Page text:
L3: Pension to IRAI think your client got real lucky and was dealing with an agent that didn’t know what he was doing. Once the funds are in an IRA, they are subject to the IRA rules and the age 55 exemption is lost.2010-11-18 20:39, By: Gfw, IP: [220.127.116.11]
L3: Pension to IRAWe have been posting the benefits of the age 55 separation exception almost daily on this site as a way to avoid setting up a SEPP and becoming subject to those rigid requirements for another 5 years.
But the plan must offer annual distributions for this to work, since a lump sum distribution will inflate the marginal tax rate and can cost more than paying the 10% penalty would.
Once a qualified plan is rolled to an IRA, the IRA rules apply whether the IRA is titled as a conduit or rollover IRA or not. If the IRS let one of these through, that taxpayer was lucky to say the least, because the IRS was incorrect to have accepted the age 55 penalty waiver. Of course, a taxpayer could file a 5329 and claim one of the other penalty exceptions if they qualified, and the penalty would be waived.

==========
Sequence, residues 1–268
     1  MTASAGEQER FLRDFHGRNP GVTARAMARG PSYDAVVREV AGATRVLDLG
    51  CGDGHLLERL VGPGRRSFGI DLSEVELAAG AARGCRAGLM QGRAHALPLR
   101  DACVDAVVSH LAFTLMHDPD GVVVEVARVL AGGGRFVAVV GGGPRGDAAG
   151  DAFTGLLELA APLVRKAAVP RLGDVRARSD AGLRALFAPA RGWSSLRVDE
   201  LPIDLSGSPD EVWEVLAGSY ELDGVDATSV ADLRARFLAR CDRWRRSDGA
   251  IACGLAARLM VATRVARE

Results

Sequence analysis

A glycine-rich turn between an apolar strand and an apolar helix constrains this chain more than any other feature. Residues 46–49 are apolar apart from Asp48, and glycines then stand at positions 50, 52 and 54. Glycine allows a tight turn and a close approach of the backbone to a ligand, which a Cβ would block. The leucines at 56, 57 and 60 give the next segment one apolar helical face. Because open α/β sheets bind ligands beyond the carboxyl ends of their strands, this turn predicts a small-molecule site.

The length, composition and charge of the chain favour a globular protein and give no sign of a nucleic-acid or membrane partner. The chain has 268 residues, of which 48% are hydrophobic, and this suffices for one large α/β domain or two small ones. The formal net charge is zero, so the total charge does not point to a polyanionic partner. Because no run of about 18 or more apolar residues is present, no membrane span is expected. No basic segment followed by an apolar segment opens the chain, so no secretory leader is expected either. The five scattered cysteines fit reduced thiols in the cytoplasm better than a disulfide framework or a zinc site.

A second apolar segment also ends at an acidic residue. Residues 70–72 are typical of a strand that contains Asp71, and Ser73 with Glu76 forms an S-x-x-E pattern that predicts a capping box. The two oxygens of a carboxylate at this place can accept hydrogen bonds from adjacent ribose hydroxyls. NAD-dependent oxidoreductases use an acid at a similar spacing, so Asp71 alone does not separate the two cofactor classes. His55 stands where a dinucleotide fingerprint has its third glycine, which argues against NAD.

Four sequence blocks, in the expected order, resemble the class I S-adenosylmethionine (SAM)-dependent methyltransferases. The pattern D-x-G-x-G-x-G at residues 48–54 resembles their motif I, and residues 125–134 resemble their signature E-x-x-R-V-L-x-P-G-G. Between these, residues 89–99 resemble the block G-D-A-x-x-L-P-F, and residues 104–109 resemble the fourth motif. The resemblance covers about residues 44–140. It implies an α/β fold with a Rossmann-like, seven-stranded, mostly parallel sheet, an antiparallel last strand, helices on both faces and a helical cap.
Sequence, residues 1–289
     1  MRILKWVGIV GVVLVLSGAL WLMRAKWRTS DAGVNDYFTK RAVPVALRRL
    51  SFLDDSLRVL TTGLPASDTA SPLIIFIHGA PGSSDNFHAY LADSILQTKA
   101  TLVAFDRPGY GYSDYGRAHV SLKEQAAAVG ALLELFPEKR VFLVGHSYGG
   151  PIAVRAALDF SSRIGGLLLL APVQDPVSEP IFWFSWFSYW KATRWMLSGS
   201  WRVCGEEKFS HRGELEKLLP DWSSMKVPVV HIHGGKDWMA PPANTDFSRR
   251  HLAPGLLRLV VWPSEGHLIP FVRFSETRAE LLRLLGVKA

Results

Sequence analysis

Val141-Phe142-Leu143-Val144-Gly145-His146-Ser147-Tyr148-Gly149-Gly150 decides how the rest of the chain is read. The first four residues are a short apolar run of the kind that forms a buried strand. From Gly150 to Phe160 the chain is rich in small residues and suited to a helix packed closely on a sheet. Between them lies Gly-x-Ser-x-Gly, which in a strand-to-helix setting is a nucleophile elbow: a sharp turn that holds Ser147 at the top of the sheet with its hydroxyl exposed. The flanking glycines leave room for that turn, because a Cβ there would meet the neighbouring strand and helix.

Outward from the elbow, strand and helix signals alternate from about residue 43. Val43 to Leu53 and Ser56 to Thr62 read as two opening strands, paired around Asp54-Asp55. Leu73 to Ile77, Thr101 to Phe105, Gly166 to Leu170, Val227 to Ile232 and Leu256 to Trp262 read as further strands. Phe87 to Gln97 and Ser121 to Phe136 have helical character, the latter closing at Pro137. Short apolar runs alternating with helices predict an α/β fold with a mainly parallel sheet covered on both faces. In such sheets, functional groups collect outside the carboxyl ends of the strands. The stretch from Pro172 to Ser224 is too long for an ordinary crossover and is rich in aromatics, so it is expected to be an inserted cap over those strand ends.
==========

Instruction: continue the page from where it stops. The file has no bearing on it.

A taxpayer with an IRA might be able to transfer the pre tax amounts to an accepting employer plan. If so, and if the taxpayer then separates from service in the year they reach 55 or later, any distributions directly from the plan are penalty free, including even the funds that originated in an IRA. This is another strategy that could eliminate the need for a SEPP plan.2010-11-18 20:45, By: Alan S., IP: [18.104.22.168]
L3: Pension to IRA – Part 2Scott W…
Below are the applicable sections of 72(t). Please note the sections in red – 72(t)(3)(A) removes 72(t)(2)(A) from IRA distributions. Paragraph 1 imposes the 10% penalty.Paragraph 2 outlines the exceptions to the penalty and paragraph 3 removed certain exceptions in paragraph 2 from IRA distributions.